This question originally appeared on Quora: To what extent might Stephen Hawking and Elon Musk be right about the dangers of artificial intelligence? What are your thoughts? Answer by Suzanne Sadedin, evolutionary biologist.
Elon Musk and Stephen Hawking are right: AI is dangerous. But they are dangerously wrong about why.
I see two fairly likely futures:
Future one: AI destroys itself, humanity, and most or all life on earth, probably a lot sooner than within 1000 years.
Future two: Humanity radically restructures its institutions to empower individuals, probably via trans-humanist modification that effectively merges us with AI. We go to the stars.
Right now, we are headed for the first future, but we could change this. As much as I admire Elon Musk, his plan to democratize AI actually makes future one more likely, not less.
Here’s why: There’s a sense in which humans are already building a specific kind of AI; indeed, we’ve been gradually building it for centuries. This kind of AI consists of systems that we construct and endow with legal, real-world power. These systems create their own internal structures of rules and traditions, while humans perform fuzzy brain-based tasks specified by the system. The system as a whole can act with an appearance of purpose, intelligence, and values entirely distinct from anything exhibited by its human components.
All nations, corporations and organizations can be classified as this kind of AI.
I realize at this point it may seem like I’m bending the definition of AI. To be clear, I’m not suggesting organizations are sentient, self-aware, or conscious, but simply that they show emergent, purpose-driven behavior equivalent to that of autonomous intelligent agents. For example, we talk very naturally about how “the US did X”, and that means something entirely different from “the people of the US did X” or “the president of the US did X,” or even “the US government did X.”
These systems can be entirely ruthless toward individuals. Such ruthlessness is often advantageous—even necessary, because these systems exist in a competitive environment. They compete for human effort, involvement, and commitment: Money and power. That’s how they survive and grow. New organizations, and less successful ones, copy the features of dominant organizations in order to compete. This places them under Darwinian selection, as Milton Friedman noted long ago.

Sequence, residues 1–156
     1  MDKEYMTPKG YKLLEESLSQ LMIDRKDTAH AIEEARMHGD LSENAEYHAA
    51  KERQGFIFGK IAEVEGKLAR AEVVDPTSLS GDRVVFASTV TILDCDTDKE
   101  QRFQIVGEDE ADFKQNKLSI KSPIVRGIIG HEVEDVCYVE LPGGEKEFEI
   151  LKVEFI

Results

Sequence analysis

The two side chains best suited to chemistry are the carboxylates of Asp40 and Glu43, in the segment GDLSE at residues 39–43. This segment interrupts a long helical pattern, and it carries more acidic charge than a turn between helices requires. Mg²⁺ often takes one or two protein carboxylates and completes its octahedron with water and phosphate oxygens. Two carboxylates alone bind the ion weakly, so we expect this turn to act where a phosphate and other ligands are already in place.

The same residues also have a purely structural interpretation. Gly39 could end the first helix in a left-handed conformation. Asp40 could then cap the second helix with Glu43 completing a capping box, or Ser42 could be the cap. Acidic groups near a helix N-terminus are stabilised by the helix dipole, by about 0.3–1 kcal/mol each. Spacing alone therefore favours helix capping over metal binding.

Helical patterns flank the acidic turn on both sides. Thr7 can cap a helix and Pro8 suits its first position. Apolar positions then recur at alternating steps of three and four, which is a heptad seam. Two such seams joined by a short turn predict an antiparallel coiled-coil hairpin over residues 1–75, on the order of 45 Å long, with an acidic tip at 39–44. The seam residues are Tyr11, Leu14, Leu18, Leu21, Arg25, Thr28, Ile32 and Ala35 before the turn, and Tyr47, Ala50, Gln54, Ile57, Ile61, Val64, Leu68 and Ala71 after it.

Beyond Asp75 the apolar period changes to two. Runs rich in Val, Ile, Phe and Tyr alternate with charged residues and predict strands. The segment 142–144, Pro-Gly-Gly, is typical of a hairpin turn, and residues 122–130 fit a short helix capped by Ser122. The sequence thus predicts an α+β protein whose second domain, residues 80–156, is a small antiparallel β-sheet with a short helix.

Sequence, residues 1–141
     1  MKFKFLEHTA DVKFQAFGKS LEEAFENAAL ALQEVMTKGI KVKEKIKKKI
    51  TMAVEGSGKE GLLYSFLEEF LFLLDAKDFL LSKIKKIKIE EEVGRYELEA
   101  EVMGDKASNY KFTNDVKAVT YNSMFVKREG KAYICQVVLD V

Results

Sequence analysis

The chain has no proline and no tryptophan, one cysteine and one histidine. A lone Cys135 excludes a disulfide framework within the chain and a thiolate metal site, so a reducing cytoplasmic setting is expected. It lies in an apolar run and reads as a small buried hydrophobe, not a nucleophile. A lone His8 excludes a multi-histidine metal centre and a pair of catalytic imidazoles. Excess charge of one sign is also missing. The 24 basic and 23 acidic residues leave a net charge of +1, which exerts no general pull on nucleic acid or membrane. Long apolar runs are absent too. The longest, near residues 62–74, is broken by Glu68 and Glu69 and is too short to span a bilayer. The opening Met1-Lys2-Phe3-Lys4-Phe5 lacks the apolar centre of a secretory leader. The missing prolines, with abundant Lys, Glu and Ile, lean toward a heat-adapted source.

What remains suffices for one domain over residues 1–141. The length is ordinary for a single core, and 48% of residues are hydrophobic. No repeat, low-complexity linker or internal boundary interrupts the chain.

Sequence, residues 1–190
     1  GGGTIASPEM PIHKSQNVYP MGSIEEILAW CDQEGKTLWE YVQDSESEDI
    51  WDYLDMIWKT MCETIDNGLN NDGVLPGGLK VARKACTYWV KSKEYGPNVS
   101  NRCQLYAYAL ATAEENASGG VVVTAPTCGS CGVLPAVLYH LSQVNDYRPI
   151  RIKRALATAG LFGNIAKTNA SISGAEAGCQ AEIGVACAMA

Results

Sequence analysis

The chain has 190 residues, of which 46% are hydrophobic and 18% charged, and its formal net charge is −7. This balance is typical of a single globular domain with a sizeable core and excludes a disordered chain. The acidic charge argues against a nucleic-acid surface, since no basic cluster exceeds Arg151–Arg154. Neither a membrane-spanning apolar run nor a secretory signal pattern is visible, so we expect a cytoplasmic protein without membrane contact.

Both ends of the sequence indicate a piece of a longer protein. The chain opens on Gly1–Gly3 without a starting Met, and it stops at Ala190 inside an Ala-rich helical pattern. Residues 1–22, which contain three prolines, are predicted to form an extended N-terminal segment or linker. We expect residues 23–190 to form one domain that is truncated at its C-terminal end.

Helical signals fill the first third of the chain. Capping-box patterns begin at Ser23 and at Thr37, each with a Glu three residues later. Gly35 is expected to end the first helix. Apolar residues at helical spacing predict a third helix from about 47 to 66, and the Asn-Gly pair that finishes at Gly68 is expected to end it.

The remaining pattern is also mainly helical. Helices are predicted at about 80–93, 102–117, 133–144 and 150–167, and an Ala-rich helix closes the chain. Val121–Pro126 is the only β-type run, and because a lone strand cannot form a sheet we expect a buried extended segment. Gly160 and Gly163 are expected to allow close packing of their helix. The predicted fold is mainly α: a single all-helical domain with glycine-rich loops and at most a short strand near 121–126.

Until recently, however, organizations have relied upon human consent and participation; human brains always ultimately made the decisions, whether it was a decision to manufacture 600 rubber duckies or drop a nuclear bomb. So their competitive success has been somewhat constrained by human values and morals—there are not enough Martin Shkrelis to go around.
With the advent of machine learning, things have changed. We now have algorithms that can make complex decisions better and faster than any human, about practically any specific domain. They are being applied to big data problems far beyond human comprehension. Yet, these algorithms are still stupid in some ways. They are designed to optimize specific parameters for specific datasets, but they’re oblivious to the complexity of the real-world, long-term ramifications of their choices.
Machine-learning algorithms, increasingly, act like the neural ganglia of organizations; they do the computational heavy lifting, while humans act as messengers and mediators between them. The jobs machine-learners are designed to do are those that help their organizations out-compete other organizations. And this is what we should expect any innovations that approach strong AI to be designed to do, as well: To help organizations compete.
There is, of course, great scope for this competition to be good for humanity: We get faster, better search results, and more effective cancer drugs; but we must expect humans to be systematically disempowered. Why?